Many of the products and services we buy and use every day are produced or undertaken by people trapped in modern slavery, including forced labour. Every day, millions of people are exploited to fulfil our relentless drive for cheap products and services, ranging from consumer electronics and garments to services including shipping and cleaning. Around 27.6 million people are believed to be trapped in forced labour worldwide in various forms. This includes 17.3 million people who are exploited in forced labour exploitation in the private economy and 3.9 million who are subjected to state-imposed forced labour. This includes in the supply chains of international businesses supplying our goods and services.
Slavery can exist in every stage of the supply chain, from harvesting or extracting raw materials – such as cocoa or cotton – to manufacturing and shipping. The reality of this is children forced to mine cobalt for use in the latest mobile phones, or women forced to produce coffee for one of our best-known brands.
The clothes you wear could be part of the problem, too: for example, almost 20% of the world’s global cotton production is linked to China’s forced labour of Uyghurs and other Turkic and Muslim groups, meaning almost every high-street garment company could be tainted with forced labour.
How does it happen?
Most products pass through a long chain of producers, manufacturers, distributors and retailers before they get to you. It can be very difficult to track all of a product’s components back to a particular producer – for example, tracing cotton in a t-shirt back to a particular cotton farm.
Businesses have built long and complex supply chains that make it difficult to oversee who is working where and under what conditions, often to their advantage. Decades of voluntary ‘corporate social responsibility’ initiatives have failed to protect people from forced labour and other abuses, as businesses simply do not have to implement them in a meaningful way.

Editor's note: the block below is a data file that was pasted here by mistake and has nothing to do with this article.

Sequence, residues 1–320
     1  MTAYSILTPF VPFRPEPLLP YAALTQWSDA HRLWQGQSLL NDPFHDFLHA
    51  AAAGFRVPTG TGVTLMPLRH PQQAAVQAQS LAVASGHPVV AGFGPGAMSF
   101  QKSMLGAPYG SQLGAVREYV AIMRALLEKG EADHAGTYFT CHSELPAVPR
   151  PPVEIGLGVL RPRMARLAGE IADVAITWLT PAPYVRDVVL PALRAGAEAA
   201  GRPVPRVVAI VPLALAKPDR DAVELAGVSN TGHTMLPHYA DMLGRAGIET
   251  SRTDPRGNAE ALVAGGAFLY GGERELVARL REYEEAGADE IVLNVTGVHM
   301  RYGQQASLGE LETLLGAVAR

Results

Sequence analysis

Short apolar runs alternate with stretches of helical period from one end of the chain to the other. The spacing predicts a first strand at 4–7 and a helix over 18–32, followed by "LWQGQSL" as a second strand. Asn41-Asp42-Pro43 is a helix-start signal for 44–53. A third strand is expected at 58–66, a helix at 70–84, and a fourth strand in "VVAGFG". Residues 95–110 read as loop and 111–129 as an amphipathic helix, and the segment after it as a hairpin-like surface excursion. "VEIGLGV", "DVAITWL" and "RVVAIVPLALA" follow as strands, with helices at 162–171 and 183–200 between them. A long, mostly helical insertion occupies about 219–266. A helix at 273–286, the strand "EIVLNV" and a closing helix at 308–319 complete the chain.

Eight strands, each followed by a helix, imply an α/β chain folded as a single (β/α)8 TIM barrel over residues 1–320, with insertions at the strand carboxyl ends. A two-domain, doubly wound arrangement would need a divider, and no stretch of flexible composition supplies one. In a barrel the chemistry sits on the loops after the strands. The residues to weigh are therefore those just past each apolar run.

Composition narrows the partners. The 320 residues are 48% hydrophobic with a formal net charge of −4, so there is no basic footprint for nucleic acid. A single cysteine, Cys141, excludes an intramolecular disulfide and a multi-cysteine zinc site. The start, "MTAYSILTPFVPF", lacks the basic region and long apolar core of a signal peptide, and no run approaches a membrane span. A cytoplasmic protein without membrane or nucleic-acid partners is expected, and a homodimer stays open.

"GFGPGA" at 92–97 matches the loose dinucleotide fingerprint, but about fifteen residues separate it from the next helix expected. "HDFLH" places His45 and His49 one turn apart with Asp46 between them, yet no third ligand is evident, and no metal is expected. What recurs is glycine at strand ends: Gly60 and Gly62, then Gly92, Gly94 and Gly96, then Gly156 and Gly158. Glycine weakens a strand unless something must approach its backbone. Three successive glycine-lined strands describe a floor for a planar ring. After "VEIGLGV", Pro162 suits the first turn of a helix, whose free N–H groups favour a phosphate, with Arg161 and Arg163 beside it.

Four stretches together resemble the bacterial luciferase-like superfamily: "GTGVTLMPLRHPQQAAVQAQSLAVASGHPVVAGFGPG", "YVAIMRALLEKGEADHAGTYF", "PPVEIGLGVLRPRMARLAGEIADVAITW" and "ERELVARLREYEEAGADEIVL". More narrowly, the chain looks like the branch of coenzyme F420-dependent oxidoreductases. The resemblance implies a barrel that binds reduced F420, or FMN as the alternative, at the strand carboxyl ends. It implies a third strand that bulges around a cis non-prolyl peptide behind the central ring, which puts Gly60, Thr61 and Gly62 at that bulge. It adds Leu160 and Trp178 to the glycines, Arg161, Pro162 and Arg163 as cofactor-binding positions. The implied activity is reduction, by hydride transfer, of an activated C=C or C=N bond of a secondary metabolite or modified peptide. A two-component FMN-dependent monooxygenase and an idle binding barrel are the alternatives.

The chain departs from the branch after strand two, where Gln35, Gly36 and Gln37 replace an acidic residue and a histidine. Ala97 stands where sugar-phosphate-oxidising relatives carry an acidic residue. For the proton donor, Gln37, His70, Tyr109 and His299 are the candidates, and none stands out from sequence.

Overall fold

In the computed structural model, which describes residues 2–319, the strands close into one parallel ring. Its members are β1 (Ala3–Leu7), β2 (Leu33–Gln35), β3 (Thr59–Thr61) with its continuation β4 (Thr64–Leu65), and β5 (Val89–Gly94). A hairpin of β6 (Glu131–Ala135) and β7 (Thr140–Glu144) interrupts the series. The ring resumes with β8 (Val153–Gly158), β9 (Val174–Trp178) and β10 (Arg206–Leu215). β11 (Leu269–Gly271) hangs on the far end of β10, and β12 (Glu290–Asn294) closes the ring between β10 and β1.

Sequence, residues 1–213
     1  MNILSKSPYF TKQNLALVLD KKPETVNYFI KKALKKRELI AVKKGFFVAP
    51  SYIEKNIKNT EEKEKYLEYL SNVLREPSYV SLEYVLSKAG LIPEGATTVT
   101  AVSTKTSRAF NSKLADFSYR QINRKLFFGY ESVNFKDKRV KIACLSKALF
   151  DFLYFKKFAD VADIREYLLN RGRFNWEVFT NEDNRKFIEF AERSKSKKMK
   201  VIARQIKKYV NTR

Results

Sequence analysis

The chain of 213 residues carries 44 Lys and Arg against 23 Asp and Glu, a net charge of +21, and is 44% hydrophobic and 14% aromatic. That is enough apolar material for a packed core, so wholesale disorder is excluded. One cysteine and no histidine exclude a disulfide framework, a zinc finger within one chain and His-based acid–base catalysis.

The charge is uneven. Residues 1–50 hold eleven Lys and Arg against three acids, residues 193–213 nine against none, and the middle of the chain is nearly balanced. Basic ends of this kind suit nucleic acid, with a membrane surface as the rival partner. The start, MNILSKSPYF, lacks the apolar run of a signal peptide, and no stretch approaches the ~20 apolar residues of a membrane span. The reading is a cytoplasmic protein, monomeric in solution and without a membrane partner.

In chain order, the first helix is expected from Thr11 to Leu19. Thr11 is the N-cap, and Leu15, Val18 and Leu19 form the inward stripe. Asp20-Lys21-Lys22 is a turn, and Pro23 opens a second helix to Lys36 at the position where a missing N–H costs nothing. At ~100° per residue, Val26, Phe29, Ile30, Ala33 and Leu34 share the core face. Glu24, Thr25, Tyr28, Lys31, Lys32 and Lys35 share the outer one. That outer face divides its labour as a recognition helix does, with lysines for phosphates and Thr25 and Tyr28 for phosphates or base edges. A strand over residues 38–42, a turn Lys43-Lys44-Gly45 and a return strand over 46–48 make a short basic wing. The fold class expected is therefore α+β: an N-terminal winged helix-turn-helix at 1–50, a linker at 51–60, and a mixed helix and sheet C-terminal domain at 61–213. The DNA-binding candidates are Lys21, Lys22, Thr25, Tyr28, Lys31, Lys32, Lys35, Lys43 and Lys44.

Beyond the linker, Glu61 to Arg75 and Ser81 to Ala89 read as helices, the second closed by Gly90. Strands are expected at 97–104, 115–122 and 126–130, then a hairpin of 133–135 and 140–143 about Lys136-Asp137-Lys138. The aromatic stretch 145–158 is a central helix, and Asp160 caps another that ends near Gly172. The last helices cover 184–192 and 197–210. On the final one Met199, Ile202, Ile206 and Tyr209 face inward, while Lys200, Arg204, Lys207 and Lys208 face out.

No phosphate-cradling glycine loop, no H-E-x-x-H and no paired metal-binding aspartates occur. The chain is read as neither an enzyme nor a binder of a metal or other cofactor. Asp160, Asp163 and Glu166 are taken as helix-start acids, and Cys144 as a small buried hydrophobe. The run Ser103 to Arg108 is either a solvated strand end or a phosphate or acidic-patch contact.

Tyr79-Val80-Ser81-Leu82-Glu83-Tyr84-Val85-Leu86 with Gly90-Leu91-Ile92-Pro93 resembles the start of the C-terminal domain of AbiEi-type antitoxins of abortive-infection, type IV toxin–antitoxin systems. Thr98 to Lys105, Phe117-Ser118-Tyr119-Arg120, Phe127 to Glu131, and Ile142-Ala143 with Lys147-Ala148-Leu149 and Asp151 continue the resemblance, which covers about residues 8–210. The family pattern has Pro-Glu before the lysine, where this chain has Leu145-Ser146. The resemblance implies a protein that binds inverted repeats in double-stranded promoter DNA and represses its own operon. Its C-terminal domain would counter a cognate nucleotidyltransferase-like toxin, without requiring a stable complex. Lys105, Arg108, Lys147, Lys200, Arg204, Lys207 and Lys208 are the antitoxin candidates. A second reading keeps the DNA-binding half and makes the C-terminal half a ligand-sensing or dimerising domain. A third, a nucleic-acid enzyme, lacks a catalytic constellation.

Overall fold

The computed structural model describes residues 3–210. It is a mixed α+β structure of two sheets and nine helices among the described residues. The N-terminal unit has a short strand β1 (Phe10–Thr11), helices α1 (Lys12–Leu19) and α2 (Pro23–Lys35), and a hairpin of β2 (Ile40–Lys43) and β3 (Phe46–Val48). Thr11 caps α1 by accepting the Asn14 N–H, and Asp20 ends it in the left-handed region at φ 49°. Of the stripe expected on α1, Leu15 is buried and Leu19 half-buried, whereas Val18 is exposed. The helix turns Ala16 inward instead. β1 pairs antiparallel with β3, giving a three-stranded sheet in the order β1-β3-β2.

Ultimately, the global economy and companies’ business models are set up to favour profits over workers’ rights.
Although there have been some initiatives to improve businesses’ responses to the risks in their supply chains, the problem persists.
For example, in the UK the 2015 Modern Slavery Act obliged big businesses to report on the steps they take to tackle modern slavery in their supply chains. However, the Act does not compel companies to take meaningful steps to prevent modern slavery – in fact, 40% of businesses have been found to not comply with the Modern Slavery Act at all.
What are we doing?
We strongly believe that it’s time to create an economy where people are never exploited in order to produce the goods we buy. It’s time, too, for survivors of modern slavery in the private sector to be able to access justice.
Companies have a responsibility to make sure their goods and services are never produced with slavery. This isn’t just about the goods they make in their own factories: they must also make sure slavery is not used by their suppliers, their suppliers’ suppliers, and so on all the way down the supply chain.
We work on three levels:
- We call on governments to protect workers’ rights in order to prevent forced labour in supply chains. We’re campaigning for laws to make businesses legally accountable to prevent potential exploitation and forced labour in their supply chains. We work on campaigns to end state-imposed forced labour, with our focus on China and Turkmenistan
- We work with workers at risk of modern slavery to help them know and access their rights. For example, we’ve worked with the online retailer ASOS, trade unions and local organisations to protect workers going from Asia and Africa to work in Mauritius’ garment industry, supplying many global brands
- We also work in partnership with businesses to help them identify the risks of slavery practices in their supply chains, and ultimately to address them